The difference between the report and parents’ evening is that parents are able to respond to my feedback immediately and I am able to respond to their response. They can ask me questions about my comments and I am able to obtain a bigger picture for that student. When I send home a piece of paper with some comments on, I have no idea if the parent has even read the comments!

In an age where technology is growing, I wonder whether the paper is fit for purpose and we should consider if there are alternatives to allow more dialogue between teachers and parents, as demonstrated in my parents’ evening example. There are many ways of approaching this – whether it be digital reports with comments boxes for parents, or even the expansion of parents evenings, but we really must start to consider how efficient the system is and if there is a more efficient alternative.

Traffic lights are the cause of all society’s problems

On a number of occasions, I have been mocked by my colleagues for my level of disdain for our country’s roads. Our roads demonstrate every negative aspect of society and there is one significant culprit – the traffic light.

In our education system, we aim to help students develop into thoughtful individuals who have the maturity to question what is presented to them on a daily basis. We promote thoughtfulness and politeness, helping students to consider the needs and feelings of other people.

The humble traffic light may seem like a simple road accessory; however it entirely strips away all of these qualities that our education system has enforced and is one of the reasons why, at times, road users get so irate and so irrational. The traffic light is an inhuman beast which tells us what we are to do with no concern for us as individuals. The red lights tells us that we must stop and we believe that the green light gives us the right to proceed. There is no humility, no sympathy, no understanding of feelings or mood. We are just another car, a number in the system.

I have experienced a number of occasions when traffic lights have stopped working and something magical happens – drivers are courteous, thoughtful and considerate, all the qualities that we try to instil at school. We are able to respond to other humans and this makes us kinder and more pleasant drivers. The traffic light is a competition – something that we are aiming to beat, whereas another human has feelings.

Whilst this may seem like a tirade against the idiotic traffic light, it also has a bearing on the way in which we run businesses and, more importantly, education. With the ever-increasing prevalence of technology comes the increase in automation, even with the suggestion of replacing teachers with robots or videos. The way in which we, as humans, respond to traffic lights should sound warning bells in our minds – will students respond as positively to an inhuman teacher as they would to a person?

Next time you are sitting in a traffic jam, consider that question.

Are we ever safe on the internet?

Following the sudden focus on social networking in my school, I thought it was a good time for me to post some thoughts on the safety of social media following the excellent post by Mike Tidd on TiddTalk.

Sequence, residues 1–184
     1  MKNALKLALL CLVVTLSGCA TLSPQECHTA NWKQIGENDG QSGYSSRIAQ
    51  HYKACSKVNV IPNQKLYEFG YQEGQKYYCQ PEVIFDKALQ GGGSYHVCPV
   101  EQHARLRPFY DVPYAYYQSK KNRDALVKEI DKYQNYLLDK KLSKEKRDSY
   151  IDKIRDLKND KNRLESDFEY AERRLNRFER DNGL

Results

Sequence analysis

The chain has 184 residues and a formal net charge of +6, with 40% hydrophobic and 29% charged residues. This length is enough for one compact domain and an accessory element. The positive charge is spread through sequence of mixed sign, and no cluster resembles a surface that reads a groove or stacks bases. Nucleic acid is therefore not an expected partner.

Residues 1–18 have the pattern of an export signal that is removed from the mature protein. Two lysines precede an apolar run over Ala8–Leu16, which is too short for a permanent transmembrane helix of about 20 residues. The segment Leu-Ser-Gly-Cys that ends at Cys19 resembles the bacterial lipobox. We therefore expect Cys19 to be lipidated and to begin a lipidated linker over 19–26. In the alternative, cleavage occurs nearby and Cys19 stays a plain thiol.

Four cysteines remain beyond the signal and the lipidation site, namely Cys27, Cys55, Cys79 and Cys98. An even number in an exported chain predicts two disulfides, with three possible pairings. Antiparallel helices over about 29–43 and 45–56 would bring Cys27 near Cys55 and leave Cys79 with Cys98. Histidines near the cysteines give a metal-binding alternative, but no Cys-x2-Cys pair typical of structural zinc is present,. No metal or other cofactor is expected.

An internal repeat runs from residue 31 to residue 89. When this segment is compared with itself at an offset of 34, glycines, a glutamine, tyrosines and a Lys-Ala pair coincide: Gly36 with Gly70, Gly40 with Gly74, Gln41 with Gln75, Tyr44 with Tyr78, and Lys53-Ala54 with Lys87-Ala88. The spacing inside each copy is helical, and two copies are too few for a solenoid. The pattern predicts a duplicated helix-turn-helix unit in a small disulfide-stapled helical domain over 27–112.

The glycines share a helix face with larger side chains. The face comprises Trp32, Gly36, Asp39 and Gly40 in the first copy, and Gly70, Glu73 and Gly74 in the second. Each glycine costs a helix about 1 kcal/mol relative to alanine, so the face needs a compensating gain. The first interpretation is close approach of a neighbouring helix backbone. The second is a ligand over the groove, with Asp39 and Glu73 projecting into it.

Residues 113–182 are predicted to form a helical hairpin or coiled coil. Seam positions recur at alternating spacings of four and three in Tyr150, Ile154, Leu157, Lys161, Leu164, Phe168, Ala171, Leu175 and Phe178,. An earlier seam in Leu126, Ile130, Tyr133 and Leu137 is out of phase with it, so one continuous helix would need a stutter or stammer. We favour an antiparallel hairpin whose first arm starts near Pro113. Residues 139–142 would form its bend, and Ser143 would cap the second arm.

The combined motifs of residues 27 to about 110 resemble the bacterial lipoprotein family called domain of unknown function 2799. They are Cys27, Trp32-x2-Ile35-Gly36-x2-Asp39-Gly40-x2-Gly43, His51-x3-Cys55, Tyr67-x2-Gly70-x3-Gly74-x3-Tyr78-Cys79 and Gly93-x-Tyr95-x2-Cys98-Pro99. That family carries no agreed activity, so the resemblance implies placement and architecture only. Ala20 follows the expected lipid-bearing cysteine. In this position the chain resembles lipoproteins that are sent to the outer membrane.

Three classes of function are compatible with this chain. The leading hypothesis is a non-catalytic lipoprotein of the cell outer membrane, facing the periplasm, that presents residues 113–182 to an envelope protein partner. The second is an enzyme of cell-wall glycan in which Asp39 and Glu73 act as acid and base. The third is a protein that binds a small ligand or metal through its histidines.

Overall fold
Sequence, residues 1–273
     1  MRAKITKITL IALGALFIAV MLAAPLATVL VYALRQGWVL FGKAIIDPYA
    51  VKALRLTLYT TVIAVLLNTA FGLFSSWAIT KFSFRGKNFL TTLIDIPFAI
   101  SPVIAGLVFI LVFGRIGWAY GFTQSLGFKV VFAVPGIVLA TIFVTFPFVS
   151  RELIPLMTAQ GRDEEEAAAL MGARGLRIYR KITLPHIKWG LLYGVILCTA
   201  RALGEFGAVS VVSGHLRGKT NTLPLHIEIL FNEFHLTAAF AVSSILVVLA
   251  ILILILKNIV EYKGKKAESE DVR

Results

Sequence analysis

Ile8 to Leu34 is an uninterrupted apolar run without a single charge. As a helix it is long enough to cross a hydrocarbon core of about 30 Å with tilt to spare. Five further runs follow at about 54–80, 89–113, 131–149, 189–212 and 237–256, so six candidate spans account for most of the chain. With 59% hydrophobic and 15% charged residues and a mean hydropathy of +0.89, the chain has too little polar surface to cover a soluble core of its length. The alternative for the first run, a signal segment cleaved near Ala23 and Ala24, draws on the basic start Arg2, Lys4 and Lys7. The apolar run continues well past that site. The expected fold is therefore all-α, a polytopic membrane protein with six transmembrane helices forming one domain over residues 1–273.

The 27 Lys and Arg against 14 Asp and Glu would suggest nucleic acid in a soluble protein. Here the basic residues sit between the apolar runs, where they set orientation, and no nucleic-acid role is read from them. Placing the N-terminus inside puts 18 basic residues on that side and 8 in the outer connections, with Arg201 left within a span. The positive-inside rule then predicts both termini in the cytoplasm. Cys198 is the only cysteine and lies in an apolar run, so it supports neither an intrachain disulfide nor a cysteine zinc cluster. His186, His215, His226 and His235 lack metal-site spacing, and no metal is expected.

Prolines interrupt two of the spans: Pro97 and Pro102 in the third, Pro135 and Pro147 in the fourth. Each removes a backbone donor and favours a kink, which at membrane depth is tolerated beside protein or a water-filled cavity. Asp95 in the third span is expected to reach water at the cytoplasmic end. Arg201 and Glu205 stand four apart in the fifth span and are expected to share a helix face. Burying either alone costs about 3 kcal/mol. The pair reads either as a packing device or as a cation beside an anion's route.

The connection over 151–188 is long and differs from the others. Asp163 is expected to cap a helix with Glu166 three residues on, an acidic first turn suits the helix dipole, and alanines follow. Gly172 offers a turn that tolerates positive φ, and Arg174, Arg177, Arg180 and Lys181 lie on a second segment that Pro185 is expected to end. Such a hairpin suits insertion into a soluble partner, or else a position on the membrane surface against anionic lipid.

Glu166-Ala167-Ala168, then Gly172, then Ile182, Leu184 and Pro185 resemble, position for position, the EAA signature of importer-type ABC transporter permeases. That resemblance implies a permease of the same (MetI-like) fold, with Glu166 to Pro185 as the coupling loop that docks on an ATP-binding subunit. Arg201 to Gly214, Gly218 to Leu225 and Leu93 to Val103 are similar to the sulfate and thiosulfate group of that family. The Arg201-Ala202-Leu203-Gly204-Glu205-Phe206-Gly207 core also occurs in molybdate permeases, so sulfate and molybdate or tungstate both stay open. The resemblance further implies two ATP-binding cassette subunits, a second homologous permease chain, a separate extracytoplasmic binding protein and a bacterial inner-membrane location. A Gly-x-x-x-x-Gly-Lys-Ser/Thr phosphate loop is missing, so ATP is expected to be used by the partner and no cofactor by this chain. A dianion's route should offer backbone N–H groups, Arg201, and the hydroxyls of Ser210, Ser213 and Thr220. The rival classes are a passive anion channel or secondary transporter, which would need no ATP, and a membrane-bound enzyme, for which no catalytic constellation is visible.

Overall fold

I have always been interested in the security of social media, and have kept up-to-date with the developments that sites like Facebook and Twitter have made to their security settings. I was particularly aggravated when Facebook removed the feature which stopped people searching for me by name.

When I decided to become a teacher, it seemed as though everything that I learned through my own interests was going to be lost and my vital connection to friends across the world would disappear. We were told, in no uncertain terms, that we should get rid of our social media accounts and, at least, we should change our names on facebook so we would not be found by students. Many of my teaching friends now have accounts which bear their first name and middle name rather than their surname.

This technique is all well and good if your friends do the same thing, or you are not friends with anyone you work with. It only takes one stray teacher account for students to access your account as students are not stupid – they know our first names and can work out from profile pictures that it is you.

My greatest problem with this technique is that it provides a false layer of security and those who are less experienced can be fooled into thinking that they are safe. The honest truth is that if we want to ply the internet with our personal lives, we are never truly safe from students finding out. Whether it be an inadvertent share by a less vigilant colleague, or a mistake on our part, we must always assume that what we say can be read by those whom we would prefer it not read by.

I have developed a technique with my students over the past few years – you always get questions from them as they are naturally curious. I tried, at first, to deflect the questions and not answer them – things like “What’s your first name?” and “How old are you?”. Punishing them for showing qualities which we promote in the classroom is not an option; we want them to ask questions and find out about the world. Now, instead of avoiding the questions, I just answer them straight out – the game of finding out is then immediately gone and they leave me alone. We should do the same with social media.

On a number of occasions, students have said to me “I found you on facebook”. At first I used to panic and think that I would get into trouble – my PGCE lecture on social media had made me panic about such situations; I had made a mistake and was not secure enough; however now I am more experienced and say “Ok” and very little else. I am secure in the knowledge that they can find me because I know that there is nothing interesting there. What they can see is boring and normal – and the game of the teachers on social media is gone.

We are never safe on the internet, but we should not avoid using it because we are worried about students. To remain as safe as possible, we just need to consider what we share.